The exhibition presents work created in the mid-1950s when the Lavender Scare was underway and homosexuality was repeatedly and publicly demonized. Despite the threat, this group of openly gay artists unabashedly connected their work and their sexuality, seemingly unconcerned with how blatantly gay work would be received or influence their professional reputations. None of these men ever made even the slightest attempt at the time to obscure their homosexuality.
This exhibition argues that it was this early circle of friends and lovers that created the defining audience for their works, setting them on the path to become the artists they subsequently became. By extension, this exhibition argues for the enabling power of a culture of same sex desire for the development of Thek’s much American art.
Paul Thek and His Circle in the 1950s will be on exhibit at the Leslie Lohman Museum of Gay and Lesbian Art, 26 Wooster Street, New York, NY from April 12, 2013 to July 7, 2013. An opening reception will be held on April 12, 2013 from 6 to 8 pm at the museum.
Paul Thek (1933-1988) was an American painter and, later, sculptor and installation artist. Born in Brooklyn, he studied locally, at the Art Students League and the Pratt Institute. His work may be seen in numerous collections, including that of the Hirshhorn Museum and Sculpture Garden in Washington, D.C. and the Whitney Museum of American Art in New York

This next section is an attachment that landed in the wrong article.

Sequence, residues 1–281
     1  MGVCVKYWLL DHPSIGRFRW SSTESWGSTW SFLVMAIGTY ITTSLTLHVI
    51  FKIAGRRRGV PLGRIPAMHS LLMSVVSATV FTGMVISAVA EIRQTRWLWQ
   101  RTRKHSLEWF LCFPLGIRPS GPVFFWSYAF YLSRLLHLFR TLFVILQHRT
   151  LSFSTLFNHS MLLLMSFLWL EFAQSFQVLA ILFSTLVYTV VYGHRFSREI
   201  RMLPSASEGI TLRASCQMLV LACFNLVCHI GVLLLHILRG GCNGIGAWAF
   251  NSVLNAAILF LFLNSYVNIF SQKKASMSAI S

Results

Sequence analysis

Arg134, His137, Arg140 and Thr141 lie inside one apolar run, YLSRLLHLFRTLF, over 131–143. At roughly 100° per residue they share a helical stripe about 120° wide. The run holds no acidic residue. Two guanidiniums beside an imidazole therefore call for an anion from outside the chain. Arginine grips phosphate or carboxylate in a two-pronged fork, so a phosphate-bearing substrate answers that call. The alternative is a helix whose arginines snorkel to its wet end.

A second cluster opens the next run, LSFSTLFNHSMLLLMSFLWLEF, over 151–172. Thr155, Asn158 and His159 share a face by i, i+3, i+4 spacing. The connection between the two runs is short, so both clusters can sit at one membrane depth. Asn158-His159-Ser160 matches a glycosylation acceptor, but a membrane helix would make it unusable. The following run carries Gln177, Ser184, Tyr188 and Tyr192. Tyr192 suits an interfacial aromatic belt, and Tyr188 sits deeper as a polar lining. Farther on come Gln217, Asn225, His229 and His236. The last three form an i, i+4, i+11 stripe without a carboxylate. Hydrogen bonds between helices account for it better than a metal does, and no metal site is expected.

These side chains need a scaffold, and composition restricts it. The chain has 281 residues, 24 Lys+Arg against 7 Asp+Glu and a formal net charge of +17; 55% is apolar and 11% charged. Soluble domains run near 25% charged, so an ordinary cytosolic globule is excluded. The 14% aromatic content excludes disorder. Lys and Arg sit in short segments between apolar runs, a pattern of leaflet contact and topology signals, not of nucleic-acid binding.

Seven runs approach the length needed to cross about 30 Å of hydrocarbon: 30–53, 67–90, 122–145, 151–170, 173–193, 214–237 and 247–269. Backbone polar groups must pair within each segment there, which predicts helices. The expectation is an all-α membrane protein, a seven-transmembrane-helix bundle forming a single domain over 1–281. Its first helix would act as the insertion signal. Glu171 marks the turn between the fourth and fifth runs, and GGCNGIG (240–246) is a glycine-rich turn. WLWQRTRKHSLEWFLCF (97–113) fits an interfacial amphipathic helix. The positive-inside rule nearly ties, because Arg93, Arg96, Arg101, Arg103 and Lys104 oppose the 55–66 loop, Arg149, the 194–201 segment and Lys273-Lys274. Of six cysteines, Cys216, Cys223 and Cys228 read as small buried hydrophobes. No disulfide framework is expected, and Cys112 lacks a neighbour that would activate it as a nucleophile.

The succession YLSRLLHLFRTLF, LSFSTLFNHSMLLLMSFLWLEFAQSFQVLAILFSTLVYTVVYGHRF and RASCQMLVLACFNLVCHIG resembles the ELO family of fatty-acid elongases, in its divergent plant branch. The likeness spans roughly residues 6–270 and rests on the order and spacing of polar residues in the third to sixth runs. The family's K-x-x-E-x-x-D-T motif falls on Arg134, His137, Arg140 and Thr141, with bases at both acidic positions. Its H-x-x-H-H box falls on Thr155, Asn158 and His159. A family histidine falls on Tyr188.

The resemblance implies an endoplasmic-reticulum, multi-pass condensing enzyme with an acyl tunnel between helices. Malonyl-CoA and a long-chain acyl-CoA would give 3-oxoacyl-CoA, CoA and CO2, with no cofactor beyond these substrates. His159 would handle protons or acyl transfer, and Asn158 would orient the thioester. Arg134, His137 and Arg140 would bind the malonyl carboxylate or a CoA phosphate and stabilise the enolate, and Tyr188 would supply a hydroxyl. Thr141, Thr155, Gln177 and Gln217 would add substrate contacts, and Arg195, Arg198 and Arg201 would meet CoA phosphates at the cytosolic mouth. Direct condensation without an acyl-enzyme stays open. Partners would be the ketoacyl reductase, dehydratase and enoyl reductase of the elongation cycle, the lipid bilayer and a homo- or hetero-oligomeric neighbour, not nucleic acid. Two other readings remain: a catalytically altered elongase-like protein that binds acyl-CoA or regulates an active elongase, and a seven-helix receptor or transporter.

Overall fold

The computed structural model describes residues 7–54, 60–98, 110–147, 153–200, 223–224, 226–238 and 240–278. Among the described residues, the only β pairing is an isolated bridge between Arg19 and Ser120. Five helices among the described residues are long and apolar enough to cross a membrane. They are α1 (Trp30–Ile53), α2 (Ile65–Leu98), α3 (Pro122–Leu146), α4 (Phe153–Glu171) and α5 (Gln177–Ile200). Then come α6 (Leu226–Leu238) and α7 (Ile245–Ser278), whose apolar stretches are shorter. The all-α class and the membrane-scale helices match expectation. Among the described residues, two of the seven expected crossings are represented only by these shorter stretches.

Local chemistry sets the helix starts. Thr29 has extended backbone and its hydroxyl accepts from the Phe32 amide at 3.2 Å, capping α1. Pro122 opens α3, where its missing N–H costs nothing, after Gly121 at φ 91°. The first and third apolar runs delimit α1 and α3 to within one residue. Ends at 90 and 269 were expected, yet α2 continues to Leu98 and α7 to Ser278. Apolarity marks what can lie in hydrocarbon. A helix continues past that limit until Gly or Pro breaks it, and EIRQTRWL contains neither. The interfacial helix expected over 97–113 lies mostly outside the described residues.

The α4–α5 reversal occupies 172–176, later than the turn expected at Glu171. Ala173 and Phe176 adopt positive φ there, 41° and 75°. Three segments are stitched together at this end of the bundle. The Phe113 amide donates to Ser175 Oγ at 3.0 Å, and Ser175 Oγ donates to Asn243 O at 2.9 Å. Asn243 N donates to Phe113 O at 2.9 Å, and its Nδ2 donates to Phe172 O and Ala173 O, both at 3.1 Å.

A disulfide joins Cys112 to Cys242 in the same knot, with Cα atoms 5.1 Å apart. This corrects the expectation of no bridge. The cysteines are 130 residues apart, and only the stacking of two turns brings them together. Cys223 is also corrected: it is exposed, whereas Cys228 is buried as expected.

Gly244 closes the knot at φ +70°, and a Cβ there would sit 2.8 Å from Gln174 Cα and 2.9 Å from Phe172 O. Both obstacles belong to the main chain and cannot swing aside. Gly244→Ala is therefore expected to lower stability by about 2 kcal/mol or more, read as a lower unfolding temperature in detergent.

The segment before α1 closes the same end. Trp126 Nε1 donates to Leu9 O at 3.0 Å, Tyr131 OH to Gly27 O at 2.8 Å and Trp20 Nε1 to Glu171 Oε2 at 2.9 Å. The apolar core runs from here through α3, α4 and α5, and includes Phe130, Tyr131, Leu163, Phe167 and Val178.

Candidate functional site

.Jonathan David Katz (co-curator):
Born in 1958, Katz is an American activist, art historian, educator and writer. Presently, he is the director of the doctoral program in Visual culture studies at State University of New York at Buffalo. He is also the former executive coordinator of the Larry Kramer Initiative for Lesbian and Gay Studies at Yale University. He is a former chair of the Department of Lesbian and Gay studies at the City College of San Francisco, and was the first tenured faculty in gay and lesbian studies in the United States. He received his Ph.D. from Northwestern University in 1996. Katz was co-curator with David C. Ward and Jenn Sichel of the exhibition “Hide/Seek: Difference and Desire in American Portraiture” at the National Portrait Gallery, the first major museum exploration of the impact of same-sex desire in the creation of modern American portraiture.